Aggressively pursuing its campaign against Pakistani personalities, Shiv Sena activists today blackened the face of ORF chief Sudheendra Kulkarni over his refusal to cancel the book launch function of former Pakistan foreign minister Khurshid Mahmud Kasuri, prompting strong condemnation from political parties.
However, undeterred by the violent protest, which Shiv Sena called "very mild", the organisers, including the Observer Research Foundation, went ahead with the programme which was held amid tight security following threats of disruption by the pro-Hindutva party.
A group of Shiv Sainiks intercepted the car of Kulkarni, chairman of ORF, a foreign policy think tank, just outside his Matunga home this morning and painted his face black.
A defiant Kulkarni, however, said he will not be "cowed down" by such actions and go ahead with the evening launch of Kasuri's book 'Neither a Hawk nor a Dove: An Insider's Account of Pakistan's Foreign Policy'.
"This shows your resolve, our resolve and common resolve, the resolve of millions of Mumbaikars to defend the values of tolerance and diversity," Kulkarni said in his opening remarks at the event held in the evening at Nehru Centre in Mumbai.
"I am immensely proud of Marathi, Mumbai. Mumbai is Maharashtrian, but before that it is national and international city. It is tolerant, inclusive, liberal, democratic and multi-faith city," he said.
Kasuri, on his part, thanked Maharashtra Chief Minister Devendra Fadnavis for providing "excellent protection" during his stay in the city.
The blackening of Kulkarni's face drew unequivocal condemnation from political parties including BJP, but Shiv Sena defended the action.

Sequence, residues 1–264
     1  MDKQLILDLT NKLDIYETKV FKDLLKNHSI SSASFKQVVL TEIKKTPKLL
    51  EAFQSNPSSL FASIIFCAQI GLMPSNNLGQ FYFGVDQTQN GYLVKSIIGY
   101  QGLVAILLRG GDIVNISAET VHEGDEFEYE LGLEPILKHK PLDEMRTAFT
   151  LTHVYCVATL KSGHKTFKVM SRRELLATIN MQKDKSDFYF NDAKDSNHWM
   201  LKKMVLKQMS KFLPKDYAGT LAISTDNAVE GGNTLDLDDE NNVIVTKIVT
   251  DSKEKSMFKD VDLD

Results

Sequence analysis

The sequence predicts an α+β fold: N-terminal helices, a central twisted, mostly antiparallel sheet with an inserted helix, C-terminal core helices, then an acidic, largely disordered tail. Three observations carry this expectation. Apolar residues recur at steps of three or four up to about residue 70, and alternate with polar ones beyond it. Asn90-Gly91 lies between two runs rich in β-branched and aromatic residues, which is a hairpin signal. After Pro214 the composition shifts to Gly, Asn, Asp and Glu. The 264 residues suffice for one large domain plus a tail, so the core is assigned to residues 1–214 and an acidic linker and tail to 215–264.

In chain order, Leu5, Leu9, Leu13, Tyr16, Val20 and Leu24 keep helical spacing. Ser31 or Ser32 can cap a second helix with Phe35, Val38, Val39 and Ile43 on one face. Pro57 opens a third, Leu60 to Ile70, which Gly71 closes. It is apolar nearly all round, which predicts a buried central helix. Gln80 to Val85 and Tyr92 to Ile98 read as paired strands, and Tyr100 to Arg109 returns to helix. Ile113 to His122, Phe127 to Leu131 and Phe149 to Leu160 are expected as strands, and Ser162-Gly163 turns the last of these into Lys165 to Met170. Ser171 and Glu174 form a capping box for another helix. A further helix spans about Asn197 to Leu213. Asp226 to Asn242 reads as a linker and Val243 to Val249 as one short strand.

BJP patriarch L K Advani, with whom Kulkarni has been closely associated, voiced concern over "growing intolerance" in the country towards any counter viewpoint.
"I strongly condemn whosoever has done it.... In the last few days, there are these signs...Where any person or any point of view is not acceptable, then you resort to violence or turn intolerant towards them.
"This is a matter of concern for the nation. Democracy must ensure tolerance for a different point of view," Advani said in Delhi.
However, the Sena justified the incident and said it was "a very mild" form of protest.
"Smearing ink is a very mild form of democratic protest. We don't know if ink or tar was smeared. Nobody can foretell how public anger will explode.
"They are so upset about ink. Imagine when our soldiers are killed and their blood is spilled. It is not ink, it is the blood of our soldiers," Raut said as he accused Kasuri of having brought together all extremist anti-India organisations to "suit Pakistan's Kashmir agenda".
Union Minister of State for Home Kiren Rijiju also disapproved of Shiv Sainiks' action, saying everyone has the freedom to protest but not physically harm anyone.
"This is about mentality...In this country, everyone has a fundamental right to protest but there has to be a way to protest, not physically harm anyone. This is not right," he said.
Congress general secretary Digvijay Singh equated the Sena with the Taliban and said," such intolerance in India can't be tolerated."
Party spokesperson Abhishek Singhvi claimed incidents of "intolerance" have risen over the last 18 months after the BJP came to power and questioned Prime Minister Narendra Modi's silence on these.
Shiv Sena had recently forced the organisers of concerts of Pakistani Ghazal singer Ghulam Ali to cancel his shows planned in Mumbai and Pune.
After the Sena threatened to disrupt the book launch function if the organisers did not cancel it voluntarily, Kulkarni had met its chief Uddhav Thackeray last night and reasoned with him to allow it to be held as Kasuri was not Pakistan's foreign minister either during the Kargil conflict or the 26/11 attacks, two major sore points in Indo-Pakistan relations.
Kulkarni said he also suggested that a Sena representative could be on the dais to present a counter-point if he so desired. However, these failed to cut ice with the Shiv Sena leader.